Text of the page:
Nationwide demonstrations planned by civil society for July 20th turned into two days of riots after the Malawi government tried to prevent the demonstrations from taking place. According to a report from senior leader of the Malawi Confederation of Trade Unions (MCTU), radio announcements were made on the morning of 20 July that an injunction had been obtained by government to prevent the demonstrations but this injunction was vacated by the court by lunchtime the same day. People that had gathered for the demonstrations were being held back by police that used tear gas and live ammunition to disperse protestors in Lilongwe, Blantyre and Mzuzu. Anger mounted from the brutal put down of the demonstrations erupting in two days of riots, which has left 19 people dead and scores more injured, including several children.

There has been growing dissatisfaction in Malawi with President Bingu wa Mutharika’s regime. Civil society has been critical of laws that have been passed to limit the freedom of the press, restrict lawsuits against government and limit civil liberties. Popular discontent has been mounting over worsening economic conditions with crippling shortages of fuel and foreign exchange.

The MCTU leader explains that workers have been hard hit by the economic crisis. Shortage of foreign exchange means that companies cannot bring in raw materials and parts which have resulted in job losses. With fuel shortages and high prices for fuel and foreign exchange on the black market, cost of transport has become prohibitively expensive and the basic goods have become unaffordable.

The situation in Malawi worsened after Malawi expelled the British high commissioner Fergus Cochrane-Dyet in April 2011 after a British diplomatic cable was leaked which said President Mutharika was “becoming ever more autocratic and intolerant of criticism”. In response Britain expelled the Malawian high commissioner and suspended US$550 million in aid over the next 4 years.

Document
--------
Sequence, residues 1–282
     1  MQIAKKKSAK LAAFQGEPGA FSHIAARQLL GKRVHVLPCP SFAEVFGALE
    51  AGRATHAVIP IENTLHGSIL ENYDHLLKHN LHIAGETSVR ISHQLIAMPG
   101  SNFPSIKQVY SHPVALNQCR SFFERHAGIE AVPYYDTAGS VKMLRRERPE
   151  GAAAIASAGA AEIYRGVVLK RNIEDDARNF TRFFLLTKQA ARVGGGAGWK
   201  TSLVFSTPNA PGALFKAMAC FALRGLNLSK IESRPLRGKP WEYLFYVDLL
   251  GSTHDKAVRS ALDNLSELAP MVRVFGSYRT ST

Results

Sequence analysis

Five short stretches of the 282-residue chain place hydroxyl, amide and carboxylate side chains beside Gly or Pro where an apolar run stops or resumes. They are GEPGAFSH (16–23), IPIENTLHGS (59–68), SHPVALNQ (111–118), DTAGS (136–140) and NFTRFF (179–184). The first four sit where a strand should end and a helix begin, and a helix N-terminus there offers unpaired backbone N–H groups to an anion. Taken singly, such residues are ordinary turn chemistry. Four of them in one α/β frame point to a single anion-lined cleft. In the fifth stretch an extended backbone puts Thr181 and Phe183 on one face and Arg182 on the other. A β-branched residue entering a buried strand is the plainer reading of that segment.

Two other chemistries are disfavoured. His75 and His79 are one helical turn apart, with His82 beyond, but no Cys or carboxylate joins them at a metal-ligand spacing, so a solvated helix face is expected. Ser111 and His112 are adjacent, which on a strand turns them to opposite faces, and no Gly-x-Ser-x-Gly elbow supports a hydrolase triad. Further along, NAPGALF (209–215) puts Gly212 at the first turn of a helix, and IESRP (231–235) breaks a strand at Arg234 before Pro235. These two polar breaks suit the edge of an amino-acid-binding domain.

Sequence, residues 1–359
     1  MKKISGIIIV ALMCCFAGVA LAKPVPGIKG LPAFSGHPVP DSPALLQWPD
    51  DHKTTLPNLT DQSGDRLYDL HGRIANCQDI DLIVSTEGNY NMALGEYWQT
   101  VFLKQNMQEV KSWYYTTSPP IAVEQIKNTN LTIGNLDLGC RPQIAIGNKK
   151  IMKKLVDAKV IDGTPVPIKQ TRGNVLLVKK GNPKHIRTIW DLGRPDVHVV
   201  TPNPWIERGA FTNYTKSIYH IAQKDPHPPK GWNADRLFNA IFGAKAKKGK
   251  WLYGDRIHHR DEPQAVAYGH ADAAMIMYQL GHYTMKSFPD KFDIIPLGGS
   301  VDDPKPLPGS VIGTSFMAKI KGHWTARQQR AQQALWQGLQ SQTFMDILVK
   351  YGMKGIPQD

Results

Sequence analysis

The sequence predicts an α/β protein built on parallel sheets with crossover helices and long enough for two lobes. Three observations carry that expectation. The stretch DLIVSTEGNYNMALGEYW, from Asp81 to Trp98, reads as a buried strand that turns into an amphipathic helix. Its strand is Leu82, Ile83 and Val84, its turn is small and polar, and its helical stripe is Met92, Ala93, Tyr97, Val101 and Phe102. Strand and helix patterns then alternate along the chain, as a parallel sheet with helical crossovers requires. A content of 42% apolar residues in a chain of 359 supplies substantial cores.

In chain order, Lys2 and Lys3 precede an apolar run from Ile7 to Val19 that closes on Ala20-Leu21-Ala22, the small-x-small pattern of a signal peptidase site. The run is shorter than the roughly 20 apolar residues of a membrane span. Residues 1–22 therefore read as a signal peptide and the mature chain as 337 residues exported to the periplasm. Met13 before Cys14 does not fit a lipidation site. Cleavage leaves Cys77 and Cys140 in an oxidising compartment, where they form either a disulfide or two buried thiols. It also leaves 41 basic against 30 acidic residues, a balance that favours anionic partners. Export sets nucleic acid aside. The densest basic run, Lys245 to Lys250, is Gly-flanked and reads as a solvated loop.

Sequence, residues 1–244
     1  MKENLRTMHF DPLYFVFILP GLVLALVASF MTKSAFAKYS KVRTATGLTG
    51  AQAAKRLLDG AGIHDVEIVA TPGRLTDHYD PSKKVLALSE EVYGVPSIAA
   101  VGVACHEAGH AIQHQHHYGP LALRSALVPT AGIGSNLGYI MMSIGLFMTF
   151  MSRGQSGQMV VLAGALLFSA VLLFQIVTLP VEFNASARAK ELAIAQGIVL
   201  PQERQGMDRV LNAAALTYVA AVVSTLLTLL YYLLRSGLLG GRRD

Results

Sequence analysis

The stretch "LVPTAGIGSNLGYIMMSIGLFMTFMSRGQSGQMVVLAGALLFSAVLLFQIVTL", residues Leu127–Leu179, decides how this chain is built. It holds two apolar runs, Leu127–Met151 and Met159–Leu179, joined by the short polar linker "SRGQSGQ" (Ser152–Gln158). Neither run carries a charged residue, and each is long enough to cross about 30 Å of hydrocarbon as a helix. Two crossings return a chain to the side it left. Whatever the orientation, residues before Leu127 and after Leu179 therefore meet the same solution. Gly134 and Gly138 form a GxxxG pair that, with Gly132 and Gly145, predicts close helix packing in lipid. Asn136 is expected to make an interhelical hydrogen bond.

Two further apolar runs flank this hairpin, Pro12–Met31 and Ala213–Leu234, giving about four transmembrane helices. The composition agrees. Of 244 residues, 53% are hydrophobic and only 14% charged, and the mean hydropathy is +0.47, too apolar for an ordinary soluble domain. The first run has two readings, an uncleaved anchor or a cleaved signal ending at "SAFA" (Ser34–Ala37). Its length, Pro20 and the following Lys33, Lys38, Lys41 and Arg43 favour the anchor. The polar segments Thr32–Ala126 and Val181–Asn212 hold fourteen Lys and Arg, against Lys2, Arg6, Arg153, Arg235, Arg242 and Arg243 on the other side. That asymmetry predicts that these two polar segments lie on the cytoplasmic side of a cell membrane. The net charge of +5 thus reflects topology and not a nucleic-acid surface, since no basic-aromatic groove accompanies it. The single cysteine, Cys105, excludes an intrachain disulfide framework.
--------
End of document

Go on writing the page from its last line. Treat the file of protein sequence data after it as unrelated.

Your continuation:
Britain had already reduced its support to Malawi in protest of the government’s purchase of a luxury jet exclusively for the president. Prior to the protests, other donor countries also withheld aid with rising concerns on repressive laws and mismanagement of funds. This has worsened since the July repression actions, with the US suspending aid of US$330 million following the protests. Malawi is one of the poorest countries in the world with more than 70% of the population living on less than a dollar a day and millions of people will suffer the consequences of worsening donor relations. Malawi is heavily dependent on foreign aid, with donor funding accounting for 40 percent of government’s budget, thus alienation of donors have added to the countries economic woes and intensified the foreign exchange crisis.

Organised labour came together with about 80 other civil society organisations, to arrange the 20 July protest marches in Malawi’s cities on 20 July, intended to be peaceful and within constitutional bounds. Despite the brutal police crackdown, protestors took their demands to local district commissioners and called on the President to address these demands by 16 August 2011 or they would return to the streets.